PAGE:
The natural gas boiler is set to heat the primary water to a temperature below that of the biogas boiler so the natural gas boiler should only fully fire when biogas is not available. The temperature setting for the bioreactor is set on the PID controller on the front panel of the cabinet. The PID controller monitors the temperature in the bioreactor and controls a 3-way valve in the secondary circuit to supply sufficient heat from a heat exchanger with the primary circuit. Over time this should achieve accurate control of the temperature in the bioreactor.

The safety system monitors for methane, CO, LPG (if used), fire and heat. If methane, CO or LGP are detected, the system shuts down and leaves the extractor fan running. If fire or heat is detected the system, including the extractor fan, shuts down and an external fire alarm output is available.

The temperature sensor shows the temperature after biogas boiler in the primary, after natural gas boiler in the primary, and flow and return in the secondary. There is a heat meter in the secondary with an internal display and a pulsed output available. The temperature in the primary is set by the individual boiler temperature controls. Usually the biogas boiler should be set slightly higher than the natural gas boiler to allow it to use available biogas in preference to using natural gas. If the temperature setting for the biogas boiler is set lower than the natural gas boiler the biogas boiler will be inhibited from running as long as there is natural gas available.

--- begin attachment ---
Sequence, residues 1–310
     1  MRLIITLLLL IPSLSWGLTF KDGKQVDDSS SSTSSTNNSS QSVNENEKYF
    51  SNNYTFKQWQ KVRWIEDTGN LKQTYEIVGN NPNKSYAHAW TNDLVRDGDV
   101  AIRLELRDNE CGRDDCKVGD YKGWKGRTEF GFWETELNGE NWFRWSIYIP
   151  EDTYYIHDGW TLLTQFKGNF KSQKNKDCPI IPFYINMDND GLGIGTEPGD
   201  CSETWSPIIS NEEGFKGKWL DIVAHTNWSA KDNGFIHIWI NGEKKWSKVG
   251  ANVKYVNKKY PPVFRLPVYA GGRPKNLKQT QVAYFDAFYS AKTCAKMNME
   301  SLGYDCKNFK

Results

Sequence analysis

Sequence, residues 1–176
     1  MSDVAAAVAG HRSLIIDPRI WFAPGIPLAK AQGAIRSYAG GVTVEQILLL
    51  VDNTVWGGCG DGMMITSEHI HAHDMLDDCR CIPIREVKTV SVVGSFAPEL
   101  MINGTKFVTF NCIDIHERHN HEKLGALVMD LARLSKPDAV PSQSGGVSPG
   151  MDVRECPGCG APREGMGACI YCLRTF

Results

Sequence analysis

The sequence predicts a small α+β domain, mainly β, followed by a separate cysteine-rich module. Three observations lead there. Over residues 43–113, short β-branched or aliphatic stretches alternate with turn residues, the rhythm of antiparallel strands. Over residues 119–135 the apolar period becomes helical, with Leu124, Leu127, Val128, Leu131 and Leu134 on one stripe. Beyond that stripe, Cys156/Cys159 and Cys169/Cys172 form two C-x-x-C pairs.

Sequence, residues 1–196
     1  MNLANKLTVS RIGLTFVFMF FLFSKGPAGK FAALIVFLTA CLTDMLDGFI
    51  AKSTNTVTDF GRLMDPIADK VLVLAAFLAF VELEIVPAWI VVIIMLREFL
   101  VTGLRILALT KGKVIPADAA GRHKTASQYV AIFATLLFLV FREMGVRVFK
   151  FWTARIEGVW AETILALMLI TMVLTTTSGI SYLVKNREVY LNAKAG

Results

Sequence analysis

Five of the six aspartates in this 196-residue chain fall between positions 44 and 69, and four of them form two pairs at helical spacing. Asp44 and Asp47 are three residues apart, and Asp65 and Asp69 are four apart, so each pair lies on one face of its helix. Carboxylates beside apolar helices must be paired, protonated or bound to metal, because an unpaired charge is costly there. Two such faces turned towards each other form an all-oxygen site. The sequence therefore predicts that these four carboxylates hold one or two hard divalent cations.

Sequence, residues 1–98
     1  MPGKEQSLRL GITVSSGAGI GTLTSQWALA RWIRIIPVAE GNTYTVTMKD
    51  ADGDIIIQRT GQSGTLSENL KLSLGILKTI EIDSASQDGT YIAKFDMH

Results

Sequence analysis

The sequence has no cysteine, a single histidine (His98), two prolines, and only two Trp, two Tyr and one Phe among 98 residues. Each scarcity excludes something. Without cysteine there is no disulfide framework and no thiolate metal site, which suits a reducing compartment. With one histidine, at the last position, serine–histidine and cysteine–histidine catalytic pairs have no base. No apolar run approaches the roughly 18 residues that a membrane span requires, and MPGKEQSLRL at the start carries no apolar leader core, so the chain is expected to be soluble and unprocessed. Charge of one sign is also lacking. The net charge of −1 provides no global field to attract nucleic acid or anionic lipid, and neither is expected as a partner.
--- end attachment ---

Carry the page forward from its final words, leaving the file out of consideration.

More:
Smart nose ad tongue
The electronic nose and tongue (N&T) is the ORION AD subsystem that is in charge of measuring a number of the physical-chemical features of the digestion effluent, and of the biogas produced. Based on its outputs, the low level control system of the digester acts to maintain an optimal feeding rate and to maximise the efficiency of the digestion process.

The core of the N&T is built around three different sets of sensors. A first set of ion selective electrodes monitors the concentration of different ions in the digester effluent (ammonium, sodium, potassium and calcium), as well as the pH and ORP. A second set of gas sensors detects the composition of the produced biogas and provides the concentration of carbon dioxide, methane, hydrogen and hydrogen sulphide at user defined intervals. Finally, an innovative set of conductive polymer sensors responds to the content of volatile fatty acids in the digester effluent. Instead of pursuing classical titrimetric and gas chromatographic methods to detect the levels of volatile fatty acids, the N&T utilises a completely different and original approach. It samples a small aliquot of effluent and the volatile fatty acids dissociated in the effluent are transformed into their unionised form. In this way, they became volatile and they are transferred in the vapour phase. The conductive polymer sensor array senses this vapour and a calculation is done giving the amount of fatty acids in solution.

The range of concentrations that the system can sense is as follows: CH4 (0-100%), CO2 (0-100%), H2 (0-2000ppm), H2S (0-2000ppm), pH (0-14), ORP (-2000 to +2000mV), Na+ (10-10,000 mg/L), Ca2+ (10-10,000 mg/L), K+ (10-10,000 mg/L), NH4+ (10-10,000 mg/L), CH3COOH (0 - >5,000 mg/L) and CH3CH2COOH (0 - >1,000 mg/L).